And yet...well, there is definitely something weird about the whole "time thing." I grew up on a dead end street. I can still close my eyes and picture that dead end, exactly as it looked. After the end of the street came what we called the "rocky road," a ¼-mile stretch of rocks that led to a power station. Just thinking about it fills me with what it was like to be me, of my family and my life at that time.
But it doesn't exist any more. Years after we moved out, they continued the streetmy house is still there, but it isn't a dead end road any more. So where is the rocky road? Of course, it exists in my memory, but besides that, where is it? If that sounds like a meaningless question, think about this: is it possible that my memory of the rocky road is not exactly correct? If that is possibleif it's even meaningful to suggest itthat implies that the rocky road exists somewhere, just so there is something, somewhere, for my memory to not match. Can we say that the rocky road exists in the past? Or can we only say it existed?
This may not be making much sense: let me try another tack. [SKS Founder] Augie Turak once commented that we think "it's tragic that beautiful things have to disappear," but we have it all backward: their ephemeral nature is a key part of the beauty. A plastic rose is less beautiful than a real one. He said this was because the real rose is going to die, and we know it, and that makes it all the more precious in the moment. This was another idea that didn't make sense to me, at the time. But later I was able to connect it with a couple of science fiction stories I read.
The first was an old story from the "golden age" of science fictionsay, the 50s or thereabouts. In this story, they have perfected a technology that lets them take a young child (let's say eight years old) and instantly age him to adulthoodnot his body, but his mind. He suddenly knows all the things adults know, but beyond that, he is suddenly mature. He is kind and compassionate and wise, all in an instant. The story focuses on a mother (of course) talking to her eight-year-old son just before he goes in for the operation. "What did we do today, Johnny?" "We went to the park and I went on the swings Mommy." "Did you like it?" "Yes, I liked going on the swings." She hugs him and kisses him and wants to hold him forever, just like that. But she can't. He goes off and has the operation and comes back mature, and compassionate, and wise. It was one of the most depressing things I ever read.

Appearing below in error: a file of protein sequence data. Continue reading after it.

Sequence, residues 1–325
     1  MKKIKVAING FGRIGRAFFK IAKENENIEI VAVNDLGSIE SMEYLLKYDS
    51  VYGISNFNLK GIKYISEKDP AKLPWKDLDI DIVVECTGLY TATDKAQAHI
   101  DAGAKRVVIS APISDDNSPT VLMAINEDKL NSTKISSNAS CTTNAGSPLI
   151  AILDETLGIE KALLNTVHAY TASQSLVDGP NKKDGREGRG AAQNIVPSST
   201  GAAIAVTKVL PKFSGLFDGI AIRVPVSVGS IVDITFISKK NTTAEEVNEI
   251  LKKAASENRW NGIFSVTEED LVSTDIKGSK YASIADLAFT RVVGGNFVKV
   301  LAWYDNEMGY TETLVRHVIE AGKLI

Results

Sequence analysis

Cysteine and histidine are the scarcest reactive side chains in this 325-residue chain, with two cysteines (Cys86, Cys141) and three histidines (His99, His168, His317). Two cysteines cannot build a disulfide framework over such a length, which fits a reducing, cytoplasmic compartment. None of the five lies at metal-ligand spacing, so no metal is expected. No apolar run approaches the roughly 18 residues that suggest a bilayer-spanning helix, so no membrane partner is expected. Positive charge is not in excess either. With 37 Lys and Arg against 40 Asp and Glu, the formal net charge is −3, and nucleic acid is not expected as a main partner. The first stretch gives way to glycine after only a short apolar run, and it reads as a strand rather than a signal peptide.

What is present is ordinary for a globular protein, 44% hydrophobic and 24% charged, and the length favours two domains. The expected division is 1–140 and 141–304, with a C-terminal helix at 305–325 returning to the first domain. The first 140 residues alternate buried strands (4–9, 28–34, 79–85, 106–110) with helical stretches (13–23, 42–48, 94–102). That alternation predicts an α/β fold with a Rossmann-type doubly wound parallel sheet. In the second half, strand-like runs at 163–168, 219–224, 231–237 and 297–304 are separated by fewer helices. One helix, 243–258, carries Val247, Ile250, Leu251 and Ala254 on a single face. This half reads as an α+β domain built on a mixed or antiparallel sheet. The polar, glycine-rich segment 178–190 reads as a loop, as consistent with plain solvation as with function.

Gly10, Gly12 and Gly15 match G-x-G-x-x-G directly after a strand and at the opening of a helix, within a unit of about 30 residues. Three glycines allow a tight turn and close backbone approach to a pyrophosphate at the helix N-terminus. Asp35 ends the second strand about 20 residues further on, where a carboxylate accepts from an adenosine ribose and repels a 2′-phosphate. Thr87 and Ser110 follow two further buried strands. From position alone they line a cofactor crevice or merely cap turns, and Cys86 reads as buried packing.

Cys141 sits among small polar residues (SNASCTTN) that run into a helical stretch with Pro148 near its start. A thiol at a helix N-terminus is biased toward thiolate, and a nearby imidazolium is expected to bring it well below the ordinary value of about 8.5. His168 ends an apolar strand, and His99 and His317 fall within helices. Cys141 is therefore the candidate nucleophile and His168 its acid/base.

But not as depressing as this other story, which was part of the much more recent novel Hyperion by Dan Simmons. In this story, the terrifying "Shrike" puts a spell on an adult woman, so she starts to age backwardevery day she regresses, mentally and physically, losing memories as she goes. She goes back to live with her aging parents. For a while they try to explain it to her every day: "You are a twelve-year-old girl, but you used to be an adult, but you were put under a spell..." Eventually, they give up. They let her just think she is a six-year-old girl, playing with her dolls, blissfully unaware of her adult history and her impending infancy. The whole thing is completely tragic; I was haunted for days.
The child who skips childhood, and goes straight to adulthood, is depressing. The adult who regresses to childhood is equally depressing. Both stories are deliberately, carefully crafted to make you cry when you read themcry for the bereaved parents, cry for the anachronistic children. Why is it all so depressing? Because somehow, the normal progression from childhood to adulthood is just right. Children are supposed to be children for a long time, and gradually mature, and become adults, and stay adults. Roses are supposed to grow, bloom, and die. Any deviation is horrific.
It's as if the whole system, exactly the way it is, with all its flaws and foibles, is at the same time intensely beautifully perfect. Which is another thing that all the spiritual teachers say, that I never used to understand. But I think I may be starting to, sometimes.
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